But then the piece starts to go off the rails.
Modern cars have much better safety features, such as multiple air bags, side-impact protection and stronger frames. But these have added weight, the study says, so that [my emphasis] the average new car is 20 per cent heavier than one built a decade ago.But then we read that -
Manufacturers have also increased the size of models to satisfy consumer demand for roomier cars with higher performance. Greater acceleration and higher top speed require larger, heavier engines.So what is Webster saying here? That the average car is 20% heavier because of safety features, and heavier still because it's bigger and more powerful? I don't think so. Maybe EU safety bureaucrats are less to blame than Richard North suggests.
For example, the new VW Beetle weighs 1.6 tonnes, double the weight of the rear-engined versions. The modern VW Golf is half a tonne heavier than the 1976 original, 2ft longer and 5in taller. It has a top speed of 146mph compared with 113mph for the Mark 1.
The Transport Research Laboratory actually spent our money to show that "drivers of the smallest cars ... are four times as likely to be killed in collisions with other cars as drivers of the largest cars" and "drivers hit by the largest cars are twice as likely to die as those hit by the smallest". The conclusions are self-evident, while the numbers must be spurious.
Interest groups have - of course - called for more regulation -
Road safety groups called on the car industry yesterday to add an extra crash test to measure the risk that cars pose to occupants of other cars. The Parliamentary Advisory Council for Transport Safety said: “There is a good case for an extra test which will show prospective buyers how much damage a car will do to other cars.”Just what this "good case" is is not explained.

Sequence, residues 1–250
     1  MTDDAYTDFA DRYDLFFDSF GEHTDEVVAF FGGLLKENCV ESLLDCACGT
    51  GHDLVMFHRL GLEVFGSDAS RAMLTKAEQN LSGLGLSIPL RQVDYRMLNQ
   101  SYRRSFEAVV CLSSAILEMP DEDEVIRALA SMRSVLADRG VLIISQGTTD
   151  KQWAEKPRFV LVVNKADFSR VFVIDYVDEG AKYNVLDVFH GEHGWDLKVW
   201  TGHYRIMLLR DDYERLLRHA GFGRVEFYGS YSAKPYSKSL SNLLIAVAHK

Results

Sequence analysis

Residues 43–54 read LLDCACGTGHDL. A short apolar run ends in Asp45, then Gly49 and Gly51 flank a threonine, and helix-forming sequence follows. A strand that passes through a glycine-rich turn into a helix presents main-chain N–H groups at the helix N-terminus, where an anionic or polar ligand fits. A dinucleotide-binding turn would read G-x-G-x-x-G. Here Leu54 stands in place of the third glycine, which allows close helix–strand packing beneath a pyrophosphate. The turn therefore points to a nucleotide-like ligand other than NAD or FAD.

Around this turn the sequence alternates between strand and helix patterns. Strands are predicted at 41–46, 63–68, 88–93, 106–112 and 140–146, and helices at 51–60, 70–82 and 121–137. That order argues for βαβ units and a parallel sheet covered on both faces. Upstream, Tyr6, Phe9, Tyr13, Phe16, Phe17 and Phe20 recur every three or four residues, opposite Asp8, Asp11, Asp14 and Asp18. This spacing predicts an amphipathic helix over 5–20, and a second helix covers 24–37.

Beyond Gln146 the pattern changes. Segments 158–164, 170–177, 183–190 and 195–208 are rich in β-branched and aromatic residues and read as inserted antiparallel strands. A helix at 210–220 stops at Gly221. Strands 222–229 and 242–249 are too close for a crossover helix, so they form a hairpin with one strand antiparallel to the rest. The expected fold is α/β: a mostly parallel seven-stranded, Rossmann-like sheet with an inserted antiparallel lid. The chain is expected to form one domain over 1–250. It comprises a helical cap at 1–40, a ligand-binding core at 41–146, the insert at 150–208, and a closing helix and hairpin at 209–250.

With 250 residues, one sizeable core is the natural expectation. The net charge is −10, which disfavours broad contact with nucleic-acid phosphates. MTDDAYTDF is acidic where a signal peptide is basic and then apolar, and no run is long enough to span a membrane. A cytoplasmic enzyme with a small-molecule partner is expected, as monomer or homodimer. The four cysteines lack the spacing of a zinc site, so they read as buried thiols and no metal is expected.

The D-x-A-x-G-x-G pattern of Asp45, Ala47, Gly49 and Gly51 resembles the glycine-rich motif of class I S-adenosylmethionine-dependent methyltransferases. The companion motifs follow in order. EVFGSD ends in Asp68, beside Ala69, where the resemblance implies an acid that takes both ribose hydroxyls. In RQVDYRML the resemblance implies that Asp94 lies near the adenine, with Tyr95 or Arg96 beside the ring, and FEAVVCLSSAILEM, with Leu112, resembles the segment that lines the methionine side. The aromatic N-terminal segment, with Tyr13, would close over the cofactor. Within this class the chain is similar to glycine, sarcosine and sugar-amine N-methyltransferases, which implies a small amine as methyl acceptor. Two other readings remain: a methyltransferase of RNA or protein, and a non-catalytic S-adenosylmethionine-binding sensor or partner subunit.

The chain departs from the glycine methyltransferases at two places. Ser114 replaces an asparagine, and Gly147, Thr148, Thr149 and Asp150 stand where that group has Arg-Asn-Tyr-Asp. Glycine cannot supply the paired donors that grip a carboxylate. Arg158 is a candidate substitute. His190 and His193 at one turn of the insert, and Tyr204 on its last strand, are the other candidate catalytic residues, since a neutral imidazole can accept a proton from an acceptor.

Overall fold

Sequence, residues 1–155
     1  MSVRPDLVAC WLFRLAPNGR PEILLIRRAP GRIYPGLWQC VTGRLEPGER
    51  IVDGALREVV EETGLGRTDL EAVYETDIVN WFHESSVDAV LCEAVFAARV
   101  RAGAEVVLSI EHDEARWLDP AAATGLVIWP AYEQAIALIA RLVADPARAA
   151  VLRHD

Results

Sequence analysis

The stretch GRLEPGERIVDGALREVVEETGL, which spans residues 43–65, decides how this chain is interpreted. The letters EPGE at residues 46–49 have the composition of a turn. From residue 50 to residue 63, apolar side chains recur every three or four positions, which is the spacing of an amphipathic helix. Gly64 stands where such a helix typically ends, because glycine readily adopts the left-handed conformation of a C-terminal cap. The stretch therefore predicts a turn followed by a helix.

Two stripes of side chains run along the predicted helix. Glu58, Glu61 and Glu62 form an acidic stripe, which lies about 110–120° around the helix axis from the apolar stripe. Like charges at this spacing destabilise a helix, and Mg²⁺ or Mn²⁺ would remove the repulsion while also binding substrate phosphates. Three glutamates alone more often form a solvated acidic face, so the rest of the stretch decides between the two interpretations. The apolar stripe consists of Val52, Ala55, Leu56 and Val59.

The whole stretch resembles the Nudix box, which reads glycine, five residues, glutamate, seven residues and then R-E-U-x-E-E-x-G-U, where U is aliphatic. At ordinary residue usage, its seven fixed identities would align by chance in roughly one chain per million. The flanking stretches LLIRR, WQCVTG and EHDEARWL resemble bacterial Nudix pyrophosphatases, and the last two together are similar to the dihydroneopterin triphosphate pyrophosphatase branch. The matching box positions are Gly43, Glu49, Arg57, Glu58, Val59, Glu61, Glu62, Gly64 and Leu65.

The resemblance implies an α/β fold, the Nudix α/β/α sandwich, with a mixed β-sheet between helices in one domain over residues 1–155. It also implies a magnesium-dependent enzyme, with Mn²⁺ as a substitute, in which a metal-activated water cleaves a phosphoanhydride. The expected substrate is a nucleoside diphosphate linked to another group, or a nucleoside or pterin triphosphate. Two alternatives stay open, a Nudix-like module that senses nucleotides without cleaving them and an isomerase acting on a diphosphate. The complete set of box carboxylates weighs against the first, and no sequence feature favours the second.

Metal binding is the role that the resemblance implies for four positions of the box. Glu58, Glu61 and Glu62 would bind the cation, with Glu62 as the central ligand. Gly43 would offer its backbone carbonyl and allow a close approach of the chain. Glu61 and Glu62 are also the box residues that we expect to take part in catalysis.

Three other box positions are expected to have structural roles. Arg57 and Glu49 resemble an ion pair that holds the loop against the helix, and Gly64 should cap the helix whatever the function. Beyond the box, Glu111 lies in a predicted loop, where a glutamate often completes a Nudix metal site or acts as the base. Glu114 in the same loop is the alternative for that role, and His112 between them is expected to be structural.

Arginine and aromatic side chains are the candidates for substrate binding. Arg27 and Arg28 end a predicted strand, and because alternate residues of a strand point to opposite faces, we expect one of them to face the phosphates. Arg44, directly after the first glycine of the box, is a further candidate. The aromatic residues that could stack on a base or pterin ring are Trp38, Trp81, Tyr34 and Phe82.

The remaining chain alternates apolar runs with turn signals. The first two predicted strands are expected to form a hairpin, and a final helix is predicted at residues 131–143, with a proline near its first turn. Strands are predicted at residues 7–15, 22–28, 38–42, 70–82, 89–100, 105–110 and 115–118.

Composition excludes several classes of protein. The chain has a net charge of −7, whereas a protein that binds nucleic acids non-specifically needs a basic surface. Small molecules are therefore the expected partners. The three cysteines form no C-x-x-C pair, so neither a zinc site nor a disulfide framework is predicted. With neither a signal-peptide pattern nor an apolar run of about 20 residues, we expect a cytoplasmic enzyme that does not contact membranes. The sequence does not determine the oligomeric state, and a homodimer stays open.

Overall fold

In any case, how serious is the problem?
In 1998, 1,696 car occupants were killed, compared with 1,675 in 2005, a fall of only 1.2 per cent. Over the same period, the annual total for all road deaths fell by 6.4 per cent.With more and more vehicles on the road, that doesn't look like a high priority issue to me.
In any event, the price mechanism is doing its work.
People carriers and 4x4s, the two largest categories, accounted for only 5.6 per cent of new car sales in 1996 but 12.5 per cent in 2005. Over the same period, small cars also increased their market share, from 27.9 per cent to 31.1 per cent.The Times story includes some interesting facts, but is biased in favour of action. Small issue, no action needed, but that doesn't make a good story.